The new Civil Code (Act V of 2013) entered into force on March 15 2014 and has made significant changes to corporate law. Some of these concern the capital requirements for one of the most popular form of association – the limited liability company (LLC).

With the aim of protecting creditors' interests, the new Civil Code raises LLCs' required minimum registered capital from Ft500,000 to Ft3 million. As a general rule, the final deadline for LLCs to comply with the new Civil Code – including the increased capital requirements – is March 15 2016. According to Section 13 of the transitional act (Act CLXXVII of 2013), LLCs may not take decisions on their continued operation in compliance with the new Civil Code until their registered capital is raised to the required level. LLCs must reorganise, merge with another entity or terminate operations without legal succession if they cannot meet the minimum registered capital requirement by the March 15 2016 deadline. Until full compliance with the new rules, LLCs shall operate under the previous Companies Act (Act IV of 2006 on business associations).

The new requirements will put a significant burden on the 150,000-plus LLCs with registered capital of less than Ft3 million that were registered before the new Civil Code entered into force. However, certain provisions were included in the transitional act with the aim of helping LLCs to fulfil these stricter requirements. According to both the transitional act and the new Civil Code itself, LLCs may increase their capital in compliance with the relevant regulations of the new Civil Code – that is, they may use the capital increase rules of the new Civil Code even if they are not yet operating under the new Civil Code. Consequently, LLCs may set a timeframe in their articles of association of more than one year in which to raise all or part of the shareholders' cash contribution to the company. In such case, the LLC cannot pay dividends to shareholders, but must count the dividends realised by the shareholders from continued business activity towards their outstanding capital contribution. This accounting method may continue until the unpaid dividends and the shareholders' initial capital contribution reach the amount of the shareholders' total capital contribution. As an additional guarantee rule, shareholders shall bear liability for the LLC's debts up to the unpaid part of their cash contribution.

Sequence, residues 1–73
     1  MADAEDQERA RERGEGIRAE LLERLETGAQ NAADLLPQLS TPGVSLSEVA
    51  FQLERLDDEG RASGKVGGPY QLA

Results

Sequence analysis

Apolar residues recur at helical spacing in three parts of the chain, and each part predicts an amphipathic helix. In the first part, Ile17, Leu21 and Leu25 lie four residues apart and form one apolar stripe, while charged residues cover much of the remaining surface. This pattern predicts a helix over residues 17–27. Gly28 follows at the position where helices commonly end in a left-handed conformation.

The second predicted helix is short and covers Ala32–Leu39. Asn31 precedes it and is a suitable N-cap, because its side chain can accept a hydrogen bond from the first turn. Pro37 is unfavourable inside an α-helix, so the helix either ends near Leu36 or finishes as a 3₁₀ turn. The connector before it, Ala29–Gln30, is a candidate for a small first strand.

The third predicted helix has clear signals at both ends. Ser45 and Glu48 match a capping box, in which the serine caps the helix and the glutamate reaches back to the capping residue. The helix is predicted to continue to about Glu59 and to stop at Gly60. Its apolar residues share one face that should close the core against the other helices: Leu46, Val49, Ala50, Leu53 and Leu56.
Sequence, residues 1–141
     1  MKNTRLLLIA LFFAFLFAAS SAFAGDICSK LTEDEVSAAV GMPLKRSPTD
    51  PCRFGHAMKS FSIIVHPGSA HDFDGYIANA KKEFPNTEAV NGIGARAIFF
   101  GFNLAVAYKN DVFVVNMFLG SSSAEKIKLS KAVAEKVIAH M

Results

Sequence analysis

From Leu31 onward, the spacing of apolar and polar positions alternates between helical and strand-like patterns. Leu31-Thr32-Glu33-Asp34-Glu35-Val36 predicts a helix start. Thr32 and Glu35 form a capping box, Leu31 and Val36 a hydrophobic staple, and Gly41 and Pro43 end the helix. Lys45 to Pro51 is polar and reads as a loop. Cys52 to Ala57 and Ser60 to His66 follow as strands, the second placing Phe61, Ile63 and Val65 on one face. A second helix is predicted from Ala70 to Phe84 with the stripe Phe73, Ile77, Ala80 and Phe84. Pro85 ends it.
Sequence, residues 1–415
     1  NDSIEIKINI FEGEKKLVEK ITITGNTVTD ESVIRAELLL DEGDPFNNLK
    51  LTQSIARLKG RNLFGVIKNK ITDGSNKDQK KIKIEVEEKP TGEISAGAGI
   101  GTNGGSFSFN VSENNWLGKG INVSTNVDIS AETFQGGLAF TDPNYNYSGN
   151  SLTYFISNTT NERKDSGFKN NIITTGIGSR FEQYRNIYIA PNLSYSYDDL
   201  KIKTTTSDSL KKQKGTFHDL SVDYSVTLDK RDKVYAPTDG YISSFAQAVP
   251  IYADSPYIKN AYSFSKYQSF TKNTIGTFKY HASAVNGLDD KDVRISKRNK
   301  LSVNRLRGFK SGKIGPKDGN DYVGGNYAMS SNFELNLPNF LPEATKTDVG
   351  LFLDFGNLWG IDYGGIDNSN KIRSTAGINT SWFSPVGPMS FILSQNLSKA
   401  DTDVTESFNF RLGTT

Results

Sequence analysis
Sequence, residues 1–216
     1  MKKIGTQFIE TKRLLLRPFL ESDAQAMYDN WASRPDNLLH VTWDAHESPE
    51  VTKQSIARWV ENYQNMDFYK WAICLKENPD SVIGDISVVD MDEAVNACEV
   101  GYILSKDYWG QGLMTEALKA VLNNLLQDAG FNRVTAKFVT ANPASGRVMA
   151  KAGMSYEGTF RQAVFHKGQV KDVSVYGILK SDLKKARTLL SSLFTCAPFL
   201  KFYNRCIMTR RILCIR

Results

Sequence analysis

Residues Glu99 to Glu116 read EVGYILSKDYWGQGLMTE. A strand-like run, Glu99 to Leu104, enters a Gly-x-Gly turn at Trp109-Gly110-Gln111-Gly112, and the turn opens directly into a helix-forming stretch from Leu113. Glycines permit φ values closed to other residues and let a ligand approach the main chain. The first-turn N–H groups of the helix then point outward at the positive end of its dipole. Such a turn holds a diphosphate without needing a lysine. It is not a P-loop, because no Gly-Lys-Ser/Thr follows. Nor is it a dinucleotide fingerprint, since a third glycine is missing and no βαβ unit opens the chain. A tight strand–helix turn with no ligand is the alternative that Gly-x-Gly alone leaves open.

In practice, this regulation creates the possibility to establish an LLC or increase its registered capital with no capital contribution. However, whether such rules will ultimately serve creditors' interests has triggered much debate. Certain questions have also been raised in connection with the interpretation of this regulation. For instance, what happens if the LLC has multiple shareholders and one does not pay the required contribution? Is it allowed to pay dividends to the other shareholders? How is the dividend payment counted towards registered capital? What happens if the dividend is more than the unpaid part of the capital? Can the dividend amount be split? These questions have yet to be tested in the courts. A number of relevant cases will likely be initiated following the March 15 2016 compliance deadline.

For further information on this topic please contact Balázs Baranyai​ at Nagy és Trócsányi by telephone (+36 1 487 8700) or email ( The Nagy és Trócsányi website can be accessed at

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